The objectives outlined above are designed to protect Resident Killer Whale prey populations and their habitat from exploitation and degradation including contaminants and noise. The spin-off effects of this are likely to be widespread and will be beneficial to human health as well as to a wide variety of organisms ranging from fish to sea birds, since all are affected by contaminants and exploitation. It is likely this benefit will far exceed the increased mortality of prey species associated with increased Killer Whale numbers.

6.4 Evaluation and the status of strategies for recovery

The following are examples of performance measures that may be used to assess the effectiveness of the objectives and strategies, and to determine whether recovery remains feasible. Detailed recovery measures that provide the best chance of meeting the recovery goal and objectives for Northern and Southern Resident Killer Whales, and timelines for their implementation, were identified during the development of the action plan (DFO 2017a).

Progress towards meeting these objectives and strategies was detailed in the Report on the Progress of Recovery Strategy Implementation for Northern and Southern Resident Killer Whales (Orcinus orca) in Canada for the Period 2009 to 2014 (DFO 2016b) and will continue to be reported on every five years until the objectives have been achieved or until recovery of the species is no longer feasible.

Table 3. Examples of performance measures that may be used to assess the effectiveness of the broad strategies used to achieve the objectives of the recovery strategy for the Northern and Southern Resident Killer Whales in Canada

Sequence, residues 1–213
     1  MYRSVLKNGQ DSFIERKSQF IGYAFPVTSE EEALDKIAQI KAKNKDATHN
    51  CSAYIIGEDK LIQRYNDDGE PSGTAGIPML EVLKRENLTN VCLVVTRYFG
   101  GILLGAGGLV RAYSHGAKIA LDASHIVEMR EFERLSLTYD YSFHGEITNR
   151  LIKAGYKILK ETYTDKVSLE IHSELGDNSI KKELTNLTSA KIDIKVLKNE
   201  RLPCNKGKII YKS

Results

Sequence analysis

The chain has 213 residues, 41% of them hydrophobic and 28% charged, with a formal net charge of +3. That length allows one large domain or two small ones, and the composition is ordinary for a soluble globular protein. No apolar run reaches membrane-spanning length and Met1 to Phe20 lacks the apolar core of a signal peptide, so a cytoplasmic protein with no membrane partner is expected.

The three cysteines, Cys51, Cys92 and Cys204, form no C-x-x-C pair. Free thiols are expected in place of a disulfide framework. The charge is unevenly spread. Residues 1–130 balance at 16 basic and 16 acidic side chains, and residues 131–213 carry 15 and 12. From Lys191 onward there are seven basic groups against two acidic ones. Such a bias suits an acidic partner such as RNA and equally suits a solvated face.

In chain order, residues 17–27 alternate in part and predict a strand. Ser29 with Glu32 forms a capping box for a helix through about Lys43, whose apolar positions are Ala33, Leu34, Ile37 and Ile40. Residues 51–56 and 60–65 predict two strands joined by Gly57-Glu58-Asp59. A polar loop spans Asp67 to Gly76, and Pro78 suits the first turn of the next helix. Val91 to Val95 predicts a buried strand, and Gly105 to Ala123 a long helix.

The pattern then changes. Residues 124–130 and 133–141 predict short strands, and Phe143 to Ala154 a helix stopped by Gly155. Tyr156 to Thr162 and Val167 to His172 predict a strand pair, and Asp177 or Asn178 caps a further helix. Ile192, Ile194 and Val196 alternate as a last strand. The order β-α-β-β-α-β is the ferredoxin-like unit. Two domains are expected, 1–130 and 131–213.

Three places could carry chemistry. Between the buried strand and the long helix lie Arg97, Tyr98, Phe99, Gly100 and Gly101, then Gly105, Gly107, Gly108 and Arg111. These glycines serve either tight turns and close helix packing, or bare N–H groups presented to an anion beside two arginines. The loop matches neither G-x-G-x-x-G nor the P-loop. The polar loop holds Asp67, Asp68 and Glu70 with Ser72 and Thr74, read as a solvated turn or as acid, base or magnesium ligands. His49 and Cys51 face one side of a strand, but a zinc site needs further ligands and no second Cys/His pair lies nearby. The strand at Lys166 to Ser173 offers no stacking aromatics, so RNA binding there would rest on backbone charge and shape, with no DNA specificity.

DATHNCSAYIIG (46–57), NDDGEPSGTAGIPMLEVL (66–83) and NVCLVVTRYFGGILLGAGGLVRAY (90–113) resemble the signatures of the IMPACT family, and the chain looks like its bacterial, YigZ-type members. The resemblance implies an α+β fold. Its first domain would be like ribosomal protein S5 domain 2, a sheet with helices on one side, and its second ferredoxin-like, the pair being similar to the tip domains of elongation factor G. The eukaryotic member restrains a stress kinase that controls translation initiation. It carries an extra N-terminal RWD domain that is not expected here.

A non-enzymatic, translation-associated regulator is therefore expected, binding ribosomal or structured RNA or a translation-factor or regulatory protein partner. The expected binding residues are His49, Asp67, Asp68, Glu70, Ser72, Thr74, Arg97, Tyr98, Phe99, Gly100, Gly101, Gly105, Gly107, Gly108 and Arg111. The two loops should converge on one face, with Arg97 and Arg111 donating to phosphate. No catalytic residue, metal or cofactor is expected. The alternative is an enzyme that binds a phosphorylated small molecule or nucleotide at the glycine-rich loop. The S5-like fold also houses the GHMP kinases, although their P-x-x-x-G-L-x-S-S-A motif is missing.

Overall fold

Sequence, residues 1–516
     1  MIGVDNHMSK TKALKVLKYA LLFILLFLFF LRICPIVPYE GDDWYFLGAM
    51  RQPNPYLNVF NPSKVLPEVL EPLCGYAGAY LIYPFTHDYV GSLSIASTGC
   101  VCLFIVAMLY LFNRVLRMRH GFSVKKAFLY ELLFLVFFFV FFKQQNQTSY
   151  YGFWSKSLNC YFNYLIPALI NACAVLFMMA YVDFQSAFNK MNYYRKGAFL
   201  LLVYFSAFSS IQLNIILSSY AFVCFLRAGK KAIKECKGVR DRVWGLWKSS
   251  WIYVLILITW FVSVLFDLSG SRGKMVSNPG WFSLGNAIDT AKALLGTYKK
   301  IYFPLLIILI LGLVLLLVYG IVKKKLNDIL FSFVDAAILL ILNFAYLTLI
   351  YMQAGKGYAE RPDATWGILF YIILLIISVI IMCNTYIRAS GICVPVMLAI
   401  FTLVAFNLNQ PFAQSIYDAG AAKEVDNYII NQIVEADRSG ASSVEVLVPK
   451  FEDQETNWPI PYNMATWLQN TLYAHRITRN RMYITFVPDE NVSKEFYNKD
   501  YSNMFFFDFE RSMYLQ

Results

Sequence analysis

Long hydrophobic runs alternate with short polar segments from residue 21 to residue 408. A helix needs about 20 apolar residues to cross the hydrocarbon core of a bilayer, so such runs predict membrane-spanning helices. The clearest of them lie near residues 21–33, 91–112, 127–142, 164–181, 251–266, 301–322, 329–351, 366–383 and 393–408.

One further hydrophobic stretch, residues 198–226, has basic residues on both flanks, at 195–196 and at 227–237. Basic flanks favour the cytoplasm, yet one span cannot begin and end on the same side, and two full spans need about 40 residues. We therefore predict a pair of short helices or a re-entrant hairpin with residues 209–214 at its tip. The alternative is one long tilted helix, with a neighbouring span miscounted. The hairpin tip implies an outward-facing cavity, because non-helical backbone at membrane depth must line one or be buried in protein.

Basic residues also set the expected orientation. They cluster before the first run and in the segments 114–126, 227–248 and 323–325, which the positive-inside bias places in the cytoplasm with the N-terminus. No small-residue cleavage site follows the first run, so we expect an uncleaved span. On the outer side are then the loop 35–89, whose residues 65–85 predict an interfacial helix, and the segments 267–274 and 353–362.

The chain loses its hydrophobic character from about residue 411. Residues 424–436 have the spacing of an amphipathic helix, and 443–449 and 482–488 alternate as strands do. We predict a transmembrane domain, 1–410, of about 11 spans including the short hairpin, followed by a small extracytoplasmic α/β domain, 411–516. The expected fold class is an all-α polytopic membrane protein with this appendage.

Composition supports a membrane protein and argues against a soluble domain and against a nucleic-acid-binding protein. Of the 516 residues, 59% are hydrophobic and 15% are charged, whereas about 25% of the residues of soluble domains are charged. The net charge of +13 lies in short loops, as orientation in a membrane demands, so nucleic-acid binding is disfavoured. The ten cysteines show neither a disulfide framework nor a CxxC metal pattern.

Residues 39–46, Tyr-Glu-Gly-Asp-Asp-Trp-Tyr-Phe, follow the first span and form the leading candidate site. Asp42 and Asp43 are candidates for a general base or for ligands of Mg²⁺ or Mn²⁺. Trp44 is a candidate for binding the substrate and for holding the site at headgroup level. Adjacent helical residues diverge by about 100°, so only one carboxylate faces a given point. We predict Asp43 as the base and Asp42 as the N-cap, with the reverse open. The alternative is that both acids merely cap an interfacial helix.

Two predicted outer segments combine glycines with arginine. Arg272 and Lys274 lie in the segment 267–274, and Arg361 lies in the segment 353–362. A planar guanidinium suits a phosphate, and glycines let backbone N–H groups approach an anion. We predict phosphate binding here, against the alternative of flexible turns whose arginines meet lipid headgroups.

Recovery Goal: Ensure long-term population viability
Broad strategy Statusa Examples of performance measures for broad strategies and objectives
Monitor population dynamics and demography Underway

Completion of annual censuses

Genetic sampling and analyses completed

Evaluation of population status to ensure growth

Develop population models Underway Models developed that incorporate social and genetic structure and explain population trends
Quantitative framework for understanding effects of threats on population dynamics Proposed Models completed that incorporate threats into population dynamic models
Studies to identify role of culture in foraging ecology and sociobiology Proposed Peer-reviewed publications on role of culture in Killer Whale foraging
Studies to identify role of culture in maintaining genetic diversity Underway Biopsy samples collected and analyzed to identify paternity
Objective number/threat: 1. Ensure adequate and accessible food supply
Broad strategy Statusa Examples of performance measures for broad strategies and objectives
Determine seasonal/annual diet/ energetic requirements Underway

Prey fragment samples collected year-round for multiple years

Alternative diet sampling methods tested to confirm diet

Winter and spring distribution and diet of Resident Killer Whales identified

Identify key prey populations and feeding areas Underway

Complete diet sampling of all members of population and during all seasons

Prey identified to stock, not just species

Monitoring prey populations to detect changes in abundance or availability Underway Population assessment completed for all stocks identified as important prey for Resident Killer Whales
Protect access to important feeding areas Proposed Guidelines developed for human activities in important whale feeding areas
Protection of prey populations Underway Incorporation of Killer Whale predation into fisheries management plans
Objective number/threat: 2. Chemical and biological contaminants
Broad strategy Statusa Examples of performance measures for broad strategies and objectives